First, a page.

That a new Final Fantasy game is going to release in a sprawling Collector’s Edition with a soundtrack sampler is no surprise. We’ve known for a while that World of Final Fantasy — the action/RPG mashup of Final Fantasy fan service and monster raising — would have its own limited edition bundle but Square Enix has finally announced the wallet-busting details.
Exclusively available from the Square Enix Online Store, the $120 Collector’s Edition features an elaborate pop-up book style package that includes the PlayStation exclusive game on disc, an 80-page hardback art book, three figurines and, of course, the Selections from Grymoire album. The tracklist hasn’t been revealed yet but details surrounding the music are slowly getting out there ahead of the October 25th release.
In an interview with Nova Crystalis, composer Masashi Hamauzu talks about creating the score and mentions that around 50 songs comprise the full soundtrack. With the game mashing up fan favorites like Squall and Lightning it’s no surprise that Hamauzu had the chance to create new arrangements of classic themes to accompany his original compositions. Guest composers and collaborators will also be involved but the only one Hamauzu has mentioned is German pianist, Benyamin Nuss. Nuss is no stranger to Final Fantasy having performed in both Distant Worlds and Symphonic Fantasies concerts as well as releasing his own tribute album, Plays Nobuo Uematsu.
If $120 is a little steep or if you just can’t wait to hear more from the game you can check out several preview tracks from YouTube user MasashiHamauzuFan. And don’t miss a fresh new trailer for the game up above. Are you planning on picking up this ridiculous Collector’s Edition or aiming for the more sensible $60 Limited Edition? Let us know in the comments.
With Nintendo announcing its planned November 11, 2016, release of the Classic NES with 30 games last week I was hit with a flurry of video game audio flashbacks. Learning that the new mini Nintendo could not have any additional games added to it, I thought about some of the games I still had in my NES collection that I wish were included.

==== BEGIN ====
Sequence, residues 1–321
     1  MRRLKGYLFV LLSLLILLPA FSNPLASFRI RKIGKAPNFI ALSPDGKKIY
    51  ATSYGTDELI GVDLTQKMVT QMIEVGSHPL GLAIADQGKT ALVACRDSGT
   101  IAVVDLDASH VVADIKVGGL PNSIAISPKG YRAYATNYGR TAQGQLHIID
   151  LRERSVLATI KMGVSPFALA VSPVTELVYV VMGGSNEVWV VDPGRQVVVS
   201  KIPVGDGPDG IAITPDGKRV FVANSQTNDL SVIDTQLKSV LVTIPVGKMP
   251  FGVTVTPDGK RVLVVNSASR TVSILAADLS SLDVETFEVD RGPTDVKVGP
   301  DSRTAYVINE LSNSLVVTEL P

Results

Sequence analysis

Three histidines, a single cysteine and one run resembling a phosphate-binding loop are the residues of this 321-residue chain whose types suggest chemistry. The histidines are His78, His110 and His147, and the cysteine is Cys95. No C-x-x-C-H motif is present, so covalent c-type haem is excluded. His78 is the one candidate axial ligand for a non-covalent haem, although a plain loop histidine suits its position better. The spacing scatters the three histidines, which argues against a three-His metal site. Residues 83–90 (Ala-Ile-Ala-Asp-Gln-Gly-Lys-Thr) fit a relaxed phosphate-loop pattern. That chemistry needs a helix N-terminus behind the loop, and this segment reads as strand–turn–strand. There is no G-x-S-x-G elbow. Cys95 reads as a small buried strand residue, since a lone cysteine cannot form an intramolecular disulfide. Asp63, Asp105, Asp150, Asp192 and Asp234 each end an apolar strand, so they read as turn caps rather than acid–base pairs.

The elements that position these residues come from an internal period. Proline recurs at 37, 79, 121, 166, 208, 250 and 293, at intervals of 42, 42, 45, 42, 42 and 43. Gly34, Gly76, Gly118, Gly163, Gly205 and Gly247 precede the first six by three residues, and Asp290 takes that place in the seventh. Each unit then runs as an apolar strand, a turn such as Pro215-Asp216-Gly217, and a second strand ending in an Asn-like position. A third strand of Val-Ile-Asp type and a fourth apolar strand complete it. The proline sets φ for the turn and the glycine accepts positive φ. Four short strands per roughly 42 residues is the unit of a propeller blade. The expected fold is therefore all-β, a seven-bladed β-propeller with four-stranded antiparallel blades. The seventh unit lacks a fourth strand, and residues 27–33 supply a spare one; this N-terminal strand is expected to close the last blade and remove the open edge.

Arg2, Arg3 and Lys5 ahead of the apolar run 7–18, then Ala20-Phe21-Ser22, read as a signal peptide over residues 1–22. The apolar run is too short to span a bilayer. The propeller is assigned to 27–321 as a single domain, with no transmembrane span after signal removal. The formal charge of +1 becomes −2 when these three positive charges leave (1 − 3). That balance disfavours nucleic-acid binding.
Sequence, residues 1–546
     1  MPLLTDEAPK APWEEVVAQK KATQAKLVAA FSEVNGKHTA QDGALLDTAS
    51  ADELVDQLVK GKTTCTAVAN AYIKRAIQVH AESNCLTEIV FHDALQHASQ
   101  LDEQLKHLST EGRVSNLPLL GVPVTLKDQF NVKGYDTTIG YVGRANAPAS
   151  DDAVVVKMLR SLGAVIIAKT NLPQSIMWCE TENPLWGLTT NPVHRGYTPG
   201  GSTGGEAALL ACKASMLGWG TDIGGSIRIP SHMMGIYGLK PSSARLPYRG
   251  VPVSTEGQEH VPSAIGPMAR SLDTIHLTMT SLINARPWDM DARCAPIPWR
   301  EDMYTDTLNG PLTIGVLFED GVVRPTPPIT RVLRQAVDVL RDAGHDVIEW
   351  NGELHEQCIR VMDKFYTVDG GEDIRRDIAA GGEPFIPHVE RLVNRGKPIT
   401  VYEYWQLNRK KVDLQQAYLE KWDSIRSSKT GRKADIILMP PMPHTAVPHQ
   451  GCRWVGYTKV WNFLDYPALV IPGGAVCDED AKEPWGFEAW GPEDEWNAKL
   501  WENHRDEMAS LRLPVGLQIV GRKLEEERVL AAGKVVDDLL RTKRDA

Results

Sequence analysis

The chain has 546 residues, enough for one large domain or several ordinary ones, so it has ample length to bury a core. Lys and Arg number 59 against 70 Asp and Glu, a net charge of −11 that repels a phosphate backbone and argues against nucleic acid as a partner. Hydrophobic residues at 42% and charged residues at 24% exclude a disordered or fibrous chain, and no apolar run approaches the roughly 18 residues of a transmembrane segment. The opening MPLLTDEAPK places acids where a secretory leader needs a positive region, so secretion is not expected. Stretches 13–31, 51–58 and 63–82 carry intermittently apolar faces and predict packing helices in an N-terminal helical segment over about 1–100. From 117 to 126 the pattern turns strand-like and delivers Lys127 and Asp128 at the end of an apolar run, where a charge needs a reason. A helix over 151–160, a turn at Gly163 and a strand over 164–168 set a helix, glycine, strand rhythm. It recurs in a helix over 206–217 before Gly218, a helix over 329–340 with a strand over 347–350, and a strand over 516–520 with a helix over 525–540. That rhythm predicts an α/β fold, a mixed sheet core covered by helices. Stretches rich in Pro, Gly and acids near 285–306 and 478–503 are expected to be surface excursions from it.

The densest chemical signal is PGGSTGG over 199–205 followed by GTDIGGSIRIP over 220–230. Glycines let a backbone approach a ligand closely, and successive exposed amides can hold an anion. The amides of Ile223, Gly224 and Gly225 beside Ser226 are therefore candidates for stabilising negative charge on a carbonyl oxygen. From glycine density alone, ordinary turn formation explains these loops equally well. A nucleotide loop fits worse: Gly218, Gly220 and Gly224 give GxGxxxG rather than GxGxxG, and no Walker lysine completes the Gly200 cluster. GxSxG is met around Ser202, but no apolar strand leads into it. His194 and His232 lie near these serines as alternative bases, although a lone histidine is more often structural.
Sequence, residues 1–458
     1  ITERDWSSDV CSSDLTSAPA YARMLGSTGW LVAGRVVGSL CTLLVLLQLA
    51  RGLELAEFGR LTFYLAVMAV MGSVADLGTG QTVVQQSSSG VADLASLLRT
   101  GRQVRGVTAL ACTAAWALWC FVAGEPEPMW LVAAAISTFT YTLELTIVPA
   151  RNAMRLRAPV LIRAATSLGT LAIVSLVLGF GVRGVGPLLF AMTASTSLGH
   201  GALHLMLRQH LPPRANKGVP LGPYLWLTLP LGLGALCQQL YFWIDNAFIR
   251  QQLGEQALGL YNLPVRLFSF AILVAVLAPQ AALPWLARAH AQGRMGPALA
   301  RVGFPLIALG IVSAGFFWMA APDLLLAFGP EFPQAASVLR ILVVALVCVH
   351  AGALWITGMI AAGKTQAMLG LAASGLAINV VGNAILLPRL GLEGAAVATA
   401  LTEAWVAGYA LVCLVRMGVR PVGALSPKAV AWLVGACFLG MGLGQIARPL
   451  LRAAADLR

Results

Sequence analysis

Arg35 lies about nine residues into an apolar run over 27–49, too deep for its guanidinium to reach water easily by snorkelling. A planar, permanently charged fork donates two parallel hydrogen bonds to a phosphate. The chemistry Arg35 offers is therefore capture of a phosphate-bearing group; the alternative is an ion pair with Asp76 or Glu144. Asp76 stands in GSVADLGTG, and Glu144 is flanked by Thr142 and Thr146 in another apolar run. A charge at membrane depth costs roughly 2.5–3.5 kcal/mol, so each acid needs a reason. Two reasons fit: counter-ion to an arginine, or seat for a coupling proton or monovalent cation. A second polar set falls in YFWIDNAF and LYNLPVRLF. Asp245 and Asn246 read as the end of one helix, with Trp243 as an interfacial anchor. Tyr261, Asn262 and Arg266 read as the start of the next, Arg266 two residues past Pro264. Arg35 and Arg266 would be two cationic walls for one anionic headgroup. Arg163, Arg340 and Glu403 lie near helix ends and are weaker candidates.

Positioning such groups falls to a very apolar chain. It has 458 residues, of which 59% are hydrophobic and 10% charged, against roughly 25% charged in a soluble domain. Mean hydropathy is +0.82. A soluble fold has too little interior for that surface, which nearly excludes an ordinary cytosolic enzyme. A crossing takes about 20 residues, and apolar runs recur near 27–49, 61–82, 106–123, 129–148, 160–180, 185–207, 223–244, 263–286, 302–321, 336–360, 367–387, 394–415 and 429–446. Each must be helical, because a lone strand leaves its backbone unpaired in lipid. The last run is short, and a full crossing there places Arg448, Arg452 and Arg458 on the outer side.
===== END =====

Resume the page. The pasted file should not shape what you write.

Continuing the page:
So in this edition of Game Soundtracks For Your Soul I’m looking back at a few NES games that had some incredible soundtracks. Come on in to relive some of my personal favorite NES game scores which include music to robots, soldiers, and space animals.
Overlooker is a Gameboy Color inspired Survival Horror game created by Connor O.R.T. Linning in just under 22 days. He supplied OSV with a review copy of the soundtrack he created for the game which he describes as a top down 2D game combining elements from action and horror genres. His goal was to keep the game as minimal as possible and used it as the basis to learn about video game development. He also wrote the music for the game which I took the time to listen to this week.
The game is free to download and although I didn’t play it, I spent some time this week listening to the music. Read on to hear my thoughts on the soundtrack to Overlooker.
Everyones favorite reason to own a PlayStation Portable is coming back again. Lumines: Puzzle & Music is out now on iOS and Android in Japan and Australasia, bringing the classic tracks that made the game a hit as well as new music and visuals to a whole new generation. While the name may bring to mind the gameplay fusion of mobile titles like Puzzle & Dragons, Lumines is sticking to what it knows best: mesmerizing block dropping set to trippy tunes. Even series creator, Tetsuya Mizuguchi, is back on board to help develop this mobile iteration.
Very much like previous entries in the series, Puzzle & Music sees players rotating multicolored blocks and dropping them in place as a timeline sweeps across the screen and clears like colored pieces. As the beat pounds and pieces stack up it’s easy to fall into a zen-like rhythm as the game moves from track to track. The combination of music, visuals and rhythmic action are what made Lumines a classic and that legacy looks to live on with Puzzle & Music.
Six classic songs (spoiler: yes, “Shinin” is in here!) are joined by eight new tracks with more on the way. Japanese Indie Pop group Sekai no Owari will be joining the roster and there’s an exclusive collection of music from the Ultra Japan Electronic festival coming in September. September is also the month when Puzzle & Music is expected to hit the U.S. app stores for around $2.99. Check after the break for the game’s current track list and enjoy the brief glimpse above in the launch trailer.